Red Hook Studios have flirted with the concept of their 2016 critical and commercial hit Darkest Dungeon [$ 4.99 (HD)] making the transition to mobile for some time now. While the PC and PS4 versions of the title were essential purchases, the game’s Vita port emphasised its potential for portable play, and so a move to tablet devices was always a natural progression for the developers to make. Finally, after what has felt like years of impatient anticipation, Darkest Dungeon has made its way to the iPad. With a beautiful gothic graphical style, and a clever twist on the turn-based RPG formula with its stress mechanic, Darkest Dungeon is the latest in a line of essential indie releases on the App Store, and is available to download for $ 4.99 exclusively for tablet devices.
I cannot say enough good things about Darkest Dungeon, as its detailed, hand drawn characters combined with its meticulously detailed systems create an incredibly immersive world that is engrossing from start to finish. The game’s Affliction System means your cast of characters (there are sixteen playable classes to experiment with) have to battle their own demons rather than simply the ones encountered in the dystopian backdrops. Of course, the biggest feature of Darkest Dungeon on tablets is the very fact it is on an iPad. With a touch interface and the option to easily pause the game as you put your device into your bag (or huge pockets, if you’re truly hardcore), the iPad is unequivocally the best way to play Darkest Dungeon. Cross platform saving through Dropbox is also a neat inclusion for those who own the game on PC, and The Crimson Court DLC that has just hit consoles is also set to launch on iOS later this year.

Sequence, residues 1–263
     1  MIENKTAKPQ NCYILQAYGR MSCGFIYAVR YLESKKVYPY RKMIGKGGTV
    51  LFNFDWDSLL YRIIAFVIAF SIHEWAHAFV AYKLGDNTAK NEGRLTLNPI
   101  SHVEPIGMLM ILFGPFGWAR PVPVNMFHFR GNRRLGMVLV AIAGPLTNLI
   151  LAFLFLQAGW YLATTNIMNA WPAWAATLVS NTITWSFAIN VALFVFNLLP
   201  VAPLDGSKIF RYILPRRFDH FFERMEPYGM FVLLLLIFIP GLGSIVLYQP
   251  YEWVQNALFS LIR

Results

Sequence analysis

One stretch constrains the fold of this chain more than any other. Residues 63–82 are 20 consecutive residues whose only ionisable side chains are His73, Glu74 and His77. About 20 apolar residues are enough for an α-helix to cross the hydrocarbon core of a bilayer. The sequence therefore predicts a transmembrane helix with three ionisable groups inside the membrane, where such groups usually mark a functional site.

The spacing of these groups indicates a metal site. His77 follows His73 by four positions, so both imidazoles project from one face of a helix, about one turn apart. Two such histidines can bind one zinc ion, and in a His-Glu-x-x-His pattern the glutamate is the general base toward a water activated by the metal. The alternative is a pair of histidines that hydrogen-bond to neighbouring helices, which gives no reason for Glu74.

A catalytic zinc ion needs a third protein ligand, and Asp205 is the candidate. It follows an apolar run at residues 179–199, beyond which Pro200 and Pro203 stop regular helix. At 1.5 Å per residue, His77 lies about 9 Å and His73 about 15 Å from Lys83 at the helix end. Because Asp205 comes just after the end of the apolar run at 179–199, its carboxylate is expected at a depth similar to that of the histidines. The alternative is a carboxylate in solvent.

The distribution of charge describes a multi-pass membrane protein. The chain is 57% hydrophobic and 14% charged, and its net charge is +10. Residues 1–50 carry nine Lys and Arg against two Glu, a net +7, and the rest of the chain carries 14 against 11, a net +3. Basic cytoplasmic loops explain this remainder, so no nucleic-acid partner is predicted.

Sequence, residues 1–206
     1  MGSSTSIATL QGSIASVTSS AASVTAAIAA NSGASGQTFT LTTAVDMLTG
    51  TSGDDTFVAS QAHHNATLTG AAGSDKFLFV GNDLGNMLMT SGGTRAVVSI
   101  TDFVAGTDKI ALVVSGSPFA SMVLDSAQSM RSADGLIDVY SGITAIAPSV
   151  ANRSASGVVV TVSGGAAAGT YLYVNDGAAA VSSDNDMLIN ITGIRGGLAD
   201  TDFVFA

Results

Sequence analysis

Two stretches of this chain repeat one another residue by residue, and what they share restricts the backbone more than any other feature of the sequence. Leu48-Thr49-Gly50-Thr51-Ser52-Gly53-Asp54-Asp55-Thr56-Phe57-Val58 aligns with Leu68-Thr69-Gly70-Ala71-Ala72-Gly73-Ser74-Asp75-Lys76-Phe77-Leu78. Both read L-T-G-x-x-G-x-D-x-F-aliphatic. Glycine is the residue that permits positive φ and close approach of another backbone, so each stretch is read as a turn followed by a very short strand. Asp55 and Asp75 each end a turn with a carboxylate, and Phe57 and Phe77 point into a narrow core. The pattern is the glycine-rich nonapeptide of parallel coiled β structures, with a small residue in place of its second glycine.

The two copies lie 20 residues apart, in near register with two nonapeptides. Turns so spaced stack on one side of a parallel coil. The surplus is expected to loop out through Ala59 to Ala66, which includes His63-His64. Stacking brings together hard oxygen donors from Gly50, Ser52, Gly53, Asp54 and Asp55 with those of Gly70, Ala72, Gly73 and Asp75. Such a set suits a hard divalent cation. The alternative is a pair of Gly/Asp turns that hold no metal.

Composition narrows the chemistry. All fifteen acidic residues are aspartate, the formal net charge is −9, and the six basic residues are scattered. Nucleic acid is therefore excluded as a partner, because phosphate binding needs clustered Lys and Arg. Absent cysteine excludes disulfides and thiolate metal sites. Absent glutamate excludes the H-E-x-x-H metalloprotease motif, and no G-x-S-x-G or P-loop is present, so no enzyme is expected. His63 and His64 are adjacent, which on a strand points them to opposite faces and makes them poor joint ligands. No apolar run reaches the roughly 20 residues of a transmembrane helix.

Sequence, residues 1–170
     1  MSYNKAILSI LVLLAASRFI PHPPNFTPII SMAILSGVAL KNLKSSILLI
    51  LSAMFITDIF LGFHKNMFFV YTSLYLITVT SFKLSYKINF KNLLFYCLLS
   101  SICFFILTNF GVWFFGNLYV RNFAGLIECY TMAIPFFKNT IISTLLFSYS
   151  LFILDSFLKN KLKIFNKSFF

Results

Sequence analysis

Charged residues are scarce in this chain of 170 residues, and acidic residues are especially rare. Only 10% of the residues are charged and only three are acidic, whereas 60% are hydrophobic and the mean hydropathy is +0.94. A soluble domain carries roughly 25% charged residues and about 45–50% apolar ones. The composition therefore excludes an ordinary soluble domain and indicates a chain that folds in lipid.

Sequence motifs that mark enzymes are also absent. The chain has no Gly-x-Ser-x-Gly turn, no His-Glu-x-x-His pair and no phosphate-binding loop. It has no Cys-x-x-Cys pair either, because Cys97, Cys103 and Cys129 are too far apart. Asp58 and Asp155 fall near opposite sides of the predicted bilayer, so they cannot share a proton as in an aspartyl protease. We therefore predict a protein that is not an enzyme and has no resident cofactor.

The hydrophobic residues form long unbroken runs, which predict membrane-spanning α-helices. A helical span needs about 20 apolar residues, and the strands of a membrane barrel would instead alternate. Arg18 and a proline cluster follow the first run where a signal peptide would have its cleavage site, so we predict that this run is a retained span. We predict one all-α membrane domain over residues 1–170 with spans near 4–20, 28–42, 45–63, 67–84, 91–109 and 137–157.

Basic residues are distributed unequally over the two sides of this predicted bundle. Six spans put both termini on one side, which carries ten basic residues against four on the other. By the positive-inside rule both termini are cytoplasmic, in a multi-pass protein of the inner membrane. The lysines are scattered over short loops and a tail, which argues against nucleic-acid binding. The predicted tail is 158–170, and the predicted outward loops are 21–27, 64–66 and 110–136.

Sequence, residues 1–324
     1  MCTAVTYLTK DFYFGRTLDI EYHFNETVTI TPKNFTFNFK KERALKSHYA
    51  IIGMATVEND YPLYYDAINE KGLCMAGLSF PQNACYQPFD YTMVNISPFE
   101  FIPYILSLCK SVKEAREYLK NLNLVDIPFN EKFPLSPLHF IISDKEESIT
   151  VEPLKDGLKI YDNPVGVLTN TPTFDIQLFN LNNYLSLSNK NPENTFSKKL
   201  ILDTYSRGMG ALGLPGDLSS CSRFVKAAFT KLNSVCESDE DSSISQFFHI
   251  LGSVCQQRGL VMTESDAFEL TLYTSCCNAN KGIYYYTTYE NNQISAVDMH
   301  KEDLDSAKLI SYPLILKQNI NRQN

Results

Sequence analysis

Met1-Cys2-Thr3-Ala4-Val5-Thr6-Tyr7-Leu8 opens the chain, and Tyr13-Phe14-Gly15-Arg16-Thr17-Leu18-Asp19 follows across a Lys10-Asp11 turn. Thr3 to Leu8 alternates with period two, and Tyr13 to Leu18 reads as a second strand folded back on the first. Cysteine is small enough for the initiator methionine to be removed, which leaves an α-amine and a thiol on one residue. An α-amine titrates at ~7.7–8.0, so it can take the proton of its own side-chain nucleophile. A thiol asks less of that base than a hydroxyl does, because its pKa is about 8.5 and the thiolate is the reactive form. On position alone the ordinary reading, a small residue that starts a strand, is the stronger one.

Darkest Dungeon’s critical reception and abundant accolades upon its wider console release last year only further emphasise the game’s qualities, and with early signs suggesting the iPad iteration is a carefully crafted and well-considered port, the App Store release is undoubtedly the best time to see what all the fuss is about. Darkest Dungeon is available for $ 4.99 on tablet devices today – if you’re looking for more discussion on the game, venture down to our forum thread for early impressions on this exciting new release.
The PC game Darkest Dungeon is a fantastic roguelike RPG that’s been very successful, and it looks like we’re very close to getting it on our tablets. Back in 2016, we wrote a story about a blog post from the Darkest Dungeon‘s developers where they announced they were considering bringing the game to tablets, but we haven’t heard much till then, until today that is. The developers just finished a Reddit AMA in celebration of the game’s DLC, Crimson Court, and stated that the chance of a tablet release is “extremely high,” which is great news to me and, possible, many of you. No other details on a tablet release were discussed—and no references to phones either—but it does look like we’re getting the game after all.
If you haven’t heard about the game yet, this roguelike RPG highlights the psychological stresses that come with adventuring as your band of heroes gradually suffer from stress and even madness. They can get paranoid, greedy, angry, and even hopeless, and those mental states have direct effects on gameplay. Add to that the fantastic art, and you can see why I really want to get it on my tablet. We’ll let you know once we have more information.